I’m not usually one to dive into topics that are just horribly grim, but everything I’m going to tell you next is important to how we are forecasting and tracking COVID-19, and, in my personal opinion, needs to be said.
As I write this (week of Aug. 20), COVID-19 is killing around 30 of our family, friends and neighbors in Louisiana every day. Nearly 4,500 Louisianians have died since we started tracking COVID-19 deaths in February. In fact, nationwide, COVID-19 is now the THIRD-leading cause of death in the United States, behind only cancer and heart disease. That means COVID-19 is now killing more people than accidents, injuries, strokes, lung disease, diabetes, Alzheimer’s and many, many other causes. We have to take this virus very seriously, especially the trends of Louisianians dying from it.
COVID-19 Is a Rollercoaster
Here’s my latest tracking graph:
Notice that when COVID-19 first hit, when medical professionals knew very little about the virus, the people dying from it jumped up and then only went down when we went to a full economic shutdown in March of this year. After that shutdown ended in May, COVID-19 deaths were reduced to between 10 and 15 per day.
Then, in late June and throughout the month of July, we had a significant resurgence of COVID-19, and the death rate climbed quickly from 10-12 deaths per day into the 30s, where it has hung now for almost four weeks.
I want to point out that each data point on this graph is the AVERAGE of that day and the previous six days. So, each data point is actually affected by the previous six days. Just like with the hospital data we showed previously (and below), using the seven-day moving averages forces trends in the data out where we can see them.
Why Aren’t Deaths Going Down Yet?
Despite a significant decrease in people in the hospital, deaths haven’t started going down yet. There are several reasons why that could be the case.
First cause: The cycle of a COVID-19 infection. Let’s say you are exposed to COVID-19 on Day One. On average, you won’t feel any symptoms until Day Six or Seven. If you get really sick and go into the hospital on Day Seven, on average, if you were not going to survive, you’d pass away on Day 22-23.
So, if you go back to the beginning of that cycle and AVOID being exposed on Day One, the difference in the death rate wouldn’t show up until day 22 or 23, on average. The governor’s orders on masking-up, limiting crowds and closing bars went into effect July 13, so we would expect to see deaths start to drop off in mid-August.
Pre-Existing Health Conditions Matter
COVID-19 kills people at a higher rate when they are older and/or have diabetes, obesity or high blood pressure. In Louisiana, we have more diabetes, obesity and high blood pressure than almost any other state, so when our residents get COVID-19, it’s more likely they will have chronic conditions that will make their case more severe and ultimately more likely to put their lives at risk.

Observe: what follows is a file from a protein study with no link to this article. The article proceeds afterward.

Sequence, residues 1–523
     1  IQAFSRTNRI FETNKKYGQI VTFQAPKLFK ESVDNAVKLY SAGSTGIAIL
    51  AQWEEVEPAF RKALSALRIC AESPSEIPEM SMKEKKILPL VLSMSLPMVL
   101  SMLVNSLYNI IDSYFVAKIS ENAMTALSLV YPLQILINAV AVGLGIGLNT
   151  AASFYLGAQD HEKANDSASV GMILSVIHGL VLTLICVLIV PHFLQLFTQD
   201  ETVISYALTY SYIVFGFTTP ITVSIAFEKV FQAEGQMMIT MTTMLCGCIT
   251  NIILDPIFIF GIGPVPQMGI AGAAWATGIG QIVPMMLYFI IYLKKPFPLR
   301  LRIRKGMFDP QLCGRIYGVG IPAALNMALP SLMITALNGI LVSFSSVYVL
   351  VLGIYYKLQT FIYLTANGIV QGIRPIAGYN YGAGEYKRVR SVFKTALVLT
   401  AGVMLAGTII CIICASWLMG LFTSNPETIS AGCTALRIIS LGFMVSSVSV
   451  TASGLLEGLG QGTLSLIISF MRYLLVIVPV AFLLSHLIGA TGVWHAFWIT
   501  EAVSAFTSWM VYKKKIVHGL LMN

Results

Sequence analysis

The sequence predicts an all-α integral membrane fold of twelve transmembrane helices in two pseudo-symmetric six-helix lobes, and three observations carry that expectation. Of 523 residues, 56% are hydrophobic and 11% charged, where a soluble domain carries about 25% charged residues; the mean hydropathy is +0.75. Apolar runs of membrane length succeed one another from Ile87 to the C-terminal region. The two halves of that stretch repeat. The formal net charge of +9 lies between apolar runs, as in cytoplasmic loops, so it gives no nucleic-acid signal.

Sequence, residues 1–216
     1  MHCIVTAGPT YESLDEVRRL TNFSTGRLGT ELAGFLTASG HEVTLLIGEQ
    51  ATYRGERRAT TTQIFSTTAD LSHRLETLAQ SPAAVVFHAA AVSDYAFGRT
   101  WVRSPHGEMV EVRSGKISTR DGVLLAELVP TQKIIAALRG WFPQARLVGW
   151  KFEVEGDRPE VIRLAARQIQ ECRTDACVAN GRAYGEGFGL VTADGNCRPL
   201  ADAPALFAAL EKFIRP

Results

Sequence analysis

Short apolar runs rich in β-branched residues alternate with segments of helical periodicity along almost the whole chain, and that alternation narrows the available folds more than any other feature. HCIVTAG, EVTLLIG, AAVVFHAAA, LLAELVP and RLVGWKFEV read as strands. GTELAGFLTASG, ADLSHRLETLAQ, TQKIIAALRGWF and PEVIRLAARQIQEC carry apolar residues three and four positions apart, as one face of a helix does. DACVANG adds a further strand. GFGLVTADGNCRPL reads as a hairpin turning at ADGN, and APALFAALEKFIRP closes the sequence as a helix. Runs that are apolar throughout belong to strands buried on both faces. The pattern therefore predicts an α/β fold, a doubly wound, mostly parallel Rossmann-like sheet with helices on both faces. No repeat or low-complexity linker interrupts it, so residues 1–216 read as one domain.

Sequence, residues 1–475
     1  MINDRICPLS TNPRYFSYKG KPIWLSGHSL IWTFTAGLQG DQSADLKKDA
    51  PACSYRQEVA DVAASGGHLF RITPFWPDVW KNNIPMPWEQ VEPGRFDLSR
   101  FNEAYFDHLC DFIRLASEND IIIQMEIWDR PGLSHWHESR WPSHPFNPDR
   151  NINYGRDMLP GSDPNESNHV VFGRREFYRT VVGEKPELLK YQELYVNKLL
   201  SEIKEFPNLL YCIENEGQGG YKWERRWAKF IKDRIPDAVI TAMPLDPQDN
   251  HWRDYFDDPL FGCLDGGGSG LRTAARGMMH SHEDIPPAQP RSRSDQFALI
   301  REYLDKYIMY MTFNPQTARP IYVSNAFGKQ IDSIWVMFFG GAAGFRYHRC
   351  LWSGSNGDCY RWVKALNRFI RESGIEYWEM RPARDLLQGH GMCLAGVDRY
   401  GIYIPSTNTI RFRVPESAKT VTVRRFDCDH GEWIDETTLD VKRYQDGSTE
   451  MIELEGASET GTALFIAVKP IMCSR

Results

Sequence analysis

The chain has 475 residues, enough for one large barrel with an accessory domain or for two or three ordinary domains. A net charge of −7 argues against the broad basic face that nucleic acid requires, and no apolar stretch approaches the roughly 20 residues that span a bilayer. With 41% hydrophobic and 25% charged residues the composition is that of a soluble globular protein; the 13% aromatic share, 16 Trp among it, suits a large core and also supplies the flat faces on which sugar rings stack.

Sadly, this means Louisiana, because of our higher rates of chronic health conditions will have a higher death rate from COVID-19, and it will take longer to come down even as we are all more careful.
Common Sense Wasn’t on the Menu
And despite the fact that I KNOW in my heart that most of you are taking the governor’s order seriously and watching out for your fellow Louisianians by masking up, social distancing, washing your hands and being careful out there, I have run across a surprising number of hold-outs to common sense and protecting their neighbors.
Imagine my surprise last Sunday when my wife and I went to a restaurant our friends recommended we try. We put on our masks, walked in the door and found a very busy restaurant, packed with people at tables still right on top of each other and not a single human anywhere was wearing a mask. I checked the customers and the staff, even peeking in the kitchen area, and did not see a single mask. There were no signs indicating people had to wear them, and when we walked in wearing our masks, people stared at us.
We left immediately, shocked that people could be so selfish and careless. We visited another sit-down restaurant about half a mile away and found a completely in-compliance establishment where we felt safe dining!
While I’m pleased that in general, I see people wearing masks and following the rules when I go out, it’s clear COVID-19-deniers are still out there. And, we still have lots of people in the hospitals and dying of COVID-19. You don’t have to do business with any establishment that is willing to put your life and health, and the life and health of your loved ones, at risk. I suggest you don’t.
So, we’ve still got some work to do. I choose to believe that particular restaurant and these particular people are in the minority in Louisiana. That not all people are so uncaring for their fellow man at this critical time and basking in their own selfishness.
Straight Talk is, denial is not a pandemic strategy that will save our economy and our state. Please keep masking up, social distancing, washing your hands and avoiding touching your face, and we’ll get through this.
Hospitalization Trend Is Going Down
Oh, and by the way, I do have some good news on the hospitalization data front. Here is the latest data, updated from what I shared with you last week. You can see the number of Louisianians in the hospital with COVID-19 is still trending in a good direction. The seven-day moving average is down by 137. That is 137 fewer hospital beds occupied with COVID-19 patients!
Everything we are doing right is working, we just have to stay focused and not get complacent.
Masks = Jobs. At this time, there is no other way. You can see me elaborate on that in an interview I did last week with WWL-TV’s “Great Day Louisiana.”
Dear Mike (and your crew),
Thanks again for telling it Straight.
Hoping we get to play football in LA.